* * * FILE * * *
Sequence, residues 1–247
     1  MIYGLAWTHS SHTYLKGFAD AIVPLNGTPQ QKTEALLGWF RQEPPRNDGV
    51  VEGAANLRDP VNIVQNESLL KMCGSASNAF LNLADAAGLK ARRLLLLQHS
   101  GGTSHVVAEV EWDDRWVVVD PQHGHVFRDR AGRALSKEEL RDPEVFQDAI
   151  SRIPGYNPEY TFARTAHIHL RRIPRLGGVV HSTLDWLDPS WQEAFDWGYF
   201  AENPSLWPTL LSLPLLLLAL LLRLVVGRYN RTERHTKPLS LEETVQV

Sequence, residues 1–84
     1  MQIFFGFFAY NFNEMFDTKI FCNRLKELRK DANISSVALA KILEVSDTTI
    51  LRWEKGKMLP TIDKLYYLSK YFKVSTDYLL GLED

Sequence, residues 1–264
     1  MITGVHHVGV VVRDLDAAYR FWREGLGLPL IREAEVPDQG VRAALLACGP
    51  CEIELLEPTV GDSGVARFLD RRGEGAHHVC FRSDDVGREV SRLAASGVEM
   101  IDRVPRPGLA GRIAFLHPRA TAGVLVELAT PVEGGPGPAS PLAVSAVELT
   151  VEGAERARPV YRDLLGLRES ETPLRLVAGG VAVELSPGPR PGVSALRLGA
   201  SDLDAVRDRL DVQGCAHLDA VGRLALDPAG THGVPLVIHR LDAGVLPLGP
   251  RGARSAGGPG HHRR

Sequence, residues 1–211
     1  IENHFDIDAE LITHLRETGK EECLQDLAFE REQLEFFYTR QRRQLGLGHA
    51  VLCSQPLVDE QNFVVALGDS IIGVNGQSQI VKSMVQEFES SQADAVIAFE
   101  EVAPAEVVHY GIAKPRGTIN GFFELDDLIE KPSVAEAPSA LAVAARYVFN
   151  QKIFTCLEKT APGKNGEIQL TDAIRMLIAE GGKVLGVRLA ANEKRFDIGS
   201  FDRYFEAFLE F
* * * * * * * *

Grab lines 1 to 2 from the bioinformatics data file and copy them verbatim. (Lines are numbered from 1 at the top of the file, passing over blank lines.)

Sequence, residues 1–247
     1  MIYGLAWTHS SHTYLKGFAD AIVPLNGTPQ QKTEALLGWF RQEPPRNDGV